In a nutshell, unlawful retaliation occurs when an employer takes a negative action against an employee because the employee has complained about discrimination or taken some other action that is protected by law. Most federal employment statutes prohibit employers from taking adverse action against an employee who has exercised his or her rights to complain under the statute; anti-retaliation provisions are sometimes called "whistleblower" provisions. A few examples of statutes with anti-retaliation provisions are those prohibiting discrimination (e.g., Title VII of the Civil Rights Act of 1964, the Age Discrimination in Employment Act) and those governing workplace health and safety (e.g., OSHA) or wage-hours, ERISA and the National Labor Relations Act. Corporate counsel are familiar with the Sarbanes-Oxley Act of 2002 (SOX), which, although not an employment-related statute per se, also provides a cause of action for retaliation.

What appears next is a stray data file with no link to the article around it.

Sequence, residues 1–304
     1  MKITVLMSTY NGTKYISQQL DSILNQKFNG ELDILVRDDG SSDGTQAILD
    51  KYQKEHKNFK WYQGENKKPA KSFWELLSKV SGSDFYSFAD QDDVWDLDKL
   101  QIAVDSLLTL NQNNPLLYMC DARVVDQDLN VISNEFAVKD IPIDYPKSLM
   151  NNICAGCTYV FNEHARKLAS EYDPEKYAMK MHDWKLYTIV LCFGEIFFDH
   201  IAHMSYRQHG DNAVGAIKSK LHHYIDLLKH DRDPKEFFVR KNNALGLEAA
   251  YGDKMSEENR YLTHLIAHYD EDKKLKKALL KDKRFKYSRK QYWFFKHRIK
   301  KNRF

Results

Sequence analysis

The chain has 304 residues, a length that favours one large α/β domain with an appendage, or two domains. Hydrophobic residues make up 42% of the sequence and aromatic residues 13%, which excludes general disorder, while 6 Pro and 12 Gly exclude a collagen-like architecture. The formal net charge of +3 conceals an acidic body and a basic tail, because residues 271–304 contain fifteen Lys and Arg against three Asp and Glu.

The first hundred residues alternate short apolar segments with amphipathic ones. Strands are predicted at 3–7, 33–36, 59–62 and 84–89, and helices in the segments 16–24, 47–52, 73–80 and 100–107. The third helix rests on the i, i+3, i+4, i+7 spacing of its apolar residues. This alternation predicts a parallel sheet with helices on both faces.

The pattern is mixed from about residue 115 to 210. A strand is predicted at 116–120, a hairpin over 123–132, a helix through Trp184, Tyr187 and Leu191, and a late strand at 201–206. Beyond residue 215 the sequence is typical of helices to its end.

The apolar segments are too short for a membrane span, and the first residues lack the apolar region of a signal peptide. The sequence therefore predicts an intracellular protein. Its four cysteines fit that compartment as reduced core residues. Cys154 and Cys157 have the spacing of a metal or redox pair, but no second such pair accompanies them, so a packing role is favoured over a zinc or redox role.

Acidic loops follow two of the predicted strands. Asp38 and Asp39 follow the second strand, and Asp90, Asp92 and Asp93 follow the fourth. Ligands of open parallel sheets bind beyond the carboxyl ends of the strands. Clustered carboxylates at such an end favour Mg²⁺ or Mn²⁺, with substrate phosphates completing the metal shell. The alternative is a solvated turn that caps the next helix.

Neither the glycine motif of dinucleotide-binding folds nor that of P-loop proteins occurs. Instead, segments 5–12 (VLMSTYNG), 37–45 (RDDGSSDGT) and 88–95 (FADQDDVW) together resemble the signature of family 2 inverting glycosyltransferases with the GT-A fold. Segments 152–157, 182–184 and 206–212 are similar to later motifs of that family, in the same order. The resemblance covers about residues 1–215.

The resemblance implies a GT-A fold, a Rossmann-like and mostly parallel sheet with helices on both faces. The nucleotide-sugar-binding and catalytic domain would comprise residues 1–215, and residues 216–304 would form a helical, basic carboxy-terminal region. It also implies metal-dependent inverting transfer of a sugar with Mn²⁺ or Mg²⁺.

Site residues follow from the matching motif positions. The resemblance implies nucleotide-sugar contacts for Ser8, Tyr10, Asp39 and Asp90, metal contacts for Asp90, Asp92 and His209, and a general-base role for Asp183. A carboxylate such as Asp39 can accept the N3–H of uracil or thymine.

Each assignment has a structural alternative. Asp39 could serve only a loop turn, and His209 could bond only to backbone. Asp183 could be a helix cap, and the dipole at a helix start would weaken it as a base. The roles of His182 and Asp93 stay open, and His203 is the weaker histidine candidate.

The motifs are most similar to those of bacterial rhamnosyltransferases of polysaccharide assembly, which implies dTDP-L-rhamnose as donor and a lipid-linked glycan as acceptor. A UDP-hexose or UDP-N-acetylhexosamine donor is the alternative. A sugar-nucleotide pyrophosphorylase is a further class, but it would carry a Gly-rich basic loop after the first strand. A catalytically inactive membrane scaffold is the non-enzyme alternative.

All states and some municipalities are also bound by fair employment practice statutes - plus, in some cases, common law doctrines such as wrongful discharge - that prohibit retaliation against employees who engage in protected conduct. For example, New Jersey's Conscientious Employee Protection Act (CEPA), one of the nation's broadest, goes so far as to prohibit retaliation for complaints of employer misconduct that an employee reasonably believes "is incompatible with a clear mandate of public policy."1 In an attempt to cast the widest possible net, most plaintiffs' lawyers file retaliation claims under federal, state and, where possible, local laws.
How Is Retaliation Proved?